The year 2011 was an interesting year for many northern and central European countries, as the weather was more than unpredictable in the spring and summer. However, in most countries, the climatic conditions thankfully settled down in the late summer and fall. The result of this slightly difficult year of weather in France was a set of surprisingly small yields, but overall, these yields were of a higher quality than those harvested in certain previous years. A fantastic set of wines was also made in Italy and Spain, and the Rioja wines - when released - are set to be very good indeed. Austria also had superb year in 2011, with almost fifty percent more grapes being grown and used for their distinctive Gruner Veltliner wines than in the year before. Possibly the European country which had the finest 2011, though, was Portugal, with wineries in the Douro region claiming this year to be one of the best in decades for the production of Port wine, and the bright, young Vinho Verdes wines.
In the New World, the Pacific Northwest saw some of the best weather of 2011, and Washington State and Oregon reportedly had a highly successful year, especially for the cultivation of high quality red wine grapes. Chile and Argentina had a relatively cool year, which certainly helped retain the character of many of their key grape varietals, and should make for some exciting drinking. South Africa had especially good weather for their white wine grape varietals, particularly Chardonnay and Sauvignon Blanc, and many South African wineries are reporting 2011 as one of their best years in recent memory.
Region: Washington State
The popularity of fine red wines, made with classic Old World grape varietals, has continued to increase in the United States over the past few decades. Washington state has consistently impressed with their red wine grape varietals, and many of the most popular American red wines of the past twenty years have come from this unique and interesting state with its two distinct regions. The vast majority of Washington's wines come from the arid eastern half of the state, a semi-desert irrigated by the rivers which run through the area, with considerably fewer wineries found in the wetter western side. Washington is renowned for the production of strong, fruit-forward wines made with Merlot, Cabernet Sauvignon, Syrah and other varietals, with many fine white wines being produced there also.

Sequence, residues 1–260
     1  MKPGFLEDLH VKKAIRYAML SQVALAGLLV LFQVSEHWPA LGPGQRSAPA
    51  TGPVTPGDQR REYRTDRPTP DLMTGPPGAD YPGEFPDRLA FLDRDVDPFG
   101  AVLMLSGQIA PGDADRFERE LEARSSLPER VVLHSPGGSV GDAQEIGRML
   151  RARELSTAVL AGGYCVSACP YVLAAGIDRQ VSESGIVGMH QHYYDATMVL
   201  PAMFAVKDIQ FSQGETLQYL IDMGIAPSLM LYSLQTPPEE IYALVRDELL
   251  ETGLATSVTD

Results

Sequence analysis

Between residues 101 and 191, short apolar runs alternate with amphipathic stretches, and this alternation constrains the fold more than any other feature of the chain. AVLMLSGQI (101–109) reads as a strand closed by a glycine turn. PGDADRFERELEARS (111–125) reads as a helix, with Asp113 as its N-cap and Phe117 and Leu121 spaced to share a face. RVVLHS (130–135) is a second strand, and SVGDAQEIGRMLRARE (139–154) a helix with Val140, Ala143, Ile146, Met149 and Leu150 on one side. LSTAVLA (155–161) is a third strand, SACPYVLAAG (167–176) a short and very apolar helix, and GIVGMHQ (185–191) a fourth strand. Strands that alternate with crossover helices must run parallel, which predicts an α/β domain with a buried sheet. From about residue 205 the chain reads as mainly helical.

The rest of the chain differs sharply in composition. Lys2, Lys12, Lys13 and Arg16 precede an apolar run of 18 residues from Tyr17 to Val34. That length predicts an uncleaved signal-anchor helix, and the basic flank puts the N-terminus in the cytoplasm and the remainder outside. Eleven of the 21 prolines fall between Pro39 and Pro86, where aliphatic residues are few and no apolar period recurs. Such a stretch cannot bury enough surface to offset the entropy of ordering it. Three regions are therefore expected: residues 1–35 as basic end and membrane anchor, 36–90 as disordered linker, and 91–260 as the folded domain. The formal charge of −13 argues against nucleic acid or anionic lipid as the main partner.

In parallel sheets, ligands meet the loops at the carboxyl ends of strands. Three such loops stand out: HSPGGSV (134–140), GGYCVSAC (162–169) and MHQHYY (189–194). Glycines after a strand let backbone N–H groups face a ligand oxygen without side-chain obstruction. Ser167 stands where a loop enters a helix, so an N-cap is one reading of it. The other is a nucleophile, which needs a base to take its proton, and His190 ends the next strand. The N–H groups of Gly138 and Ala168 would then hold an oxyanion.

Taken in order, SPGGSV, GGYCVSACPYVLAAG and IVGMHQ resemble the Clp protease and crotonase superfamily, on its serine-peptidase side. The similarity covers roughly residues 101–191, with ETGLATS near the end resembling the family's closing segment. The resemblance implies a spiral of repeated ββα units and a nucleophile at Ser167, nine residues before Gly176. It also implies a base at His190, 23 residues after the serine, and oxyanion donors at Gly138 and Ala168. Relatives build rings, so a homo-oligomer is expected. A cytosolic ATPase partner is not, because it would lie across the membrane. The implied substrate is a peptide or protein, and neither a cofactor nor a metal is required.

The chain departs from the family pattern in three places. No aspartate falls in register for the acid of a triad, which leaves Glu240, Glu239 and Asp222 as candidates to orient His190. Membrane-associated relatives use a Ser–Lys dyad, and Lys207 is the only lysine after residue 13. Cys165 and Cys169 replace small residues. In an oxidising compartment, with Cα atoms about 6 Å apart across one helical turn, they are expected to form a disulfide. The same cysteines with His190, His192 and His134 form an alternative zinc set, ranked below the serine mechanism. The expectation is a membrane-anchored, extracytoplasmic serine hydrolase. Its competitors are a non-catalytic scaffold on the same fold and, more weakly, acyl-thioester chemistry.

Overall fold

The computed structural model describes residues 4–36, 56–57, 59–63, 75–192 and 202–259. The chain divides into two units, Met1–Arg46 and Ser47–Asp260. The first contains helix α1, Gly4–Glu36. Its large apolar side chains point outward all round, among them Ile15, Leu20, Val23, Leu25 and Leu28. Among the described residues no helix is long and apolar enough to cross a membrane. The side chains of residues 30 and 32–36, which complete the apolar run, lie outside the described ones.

Country: United States
For three hundred years now, the United States has been leading the New World in wine production, both in regards to quantity and quality. Wine is actually produced in all fifty states across the country, with California leading the way by an enormous margin. Indeed, as much as eighty-nine percent of all wines to come out of the United States are produced in California, where the fertile soils and sloping mountain sides, coupled with the long, hot summers provide ideal conditions for producing high quality, European style red, white and rosÃ© wines. With over a million acres of the country under vine, the United States sits comfortably as the fourth largest wine producer in the world, where imported grape varietals from all over the Old World are processed using a successful blend of traditional and contemporary techniques.
Appellation: Walla Walla
The beautiful sub-region of Walla Walla sits within the vast Washington State wine region of Columbia Valley, in the dry and arid, gently sloping lowlands which typify the area. The region has been building up a powerful reputation over the past few decades, and dozens of wineries have opened within the sub-region of Walla Walla over the past twenty years, helping it establish itself as a force to be reckoned with in the world of United States wines. Walla Walla is internationally renowned for the high quality of its Cabernet Sauvignon and Merlot varietal wines, made from imported French grape varietals which adore the dry and arid soils which are found within the region. However, many grape varietals thrive within Walla Walla, and wineries are now expanding their portfolios and creating a wide array of wines.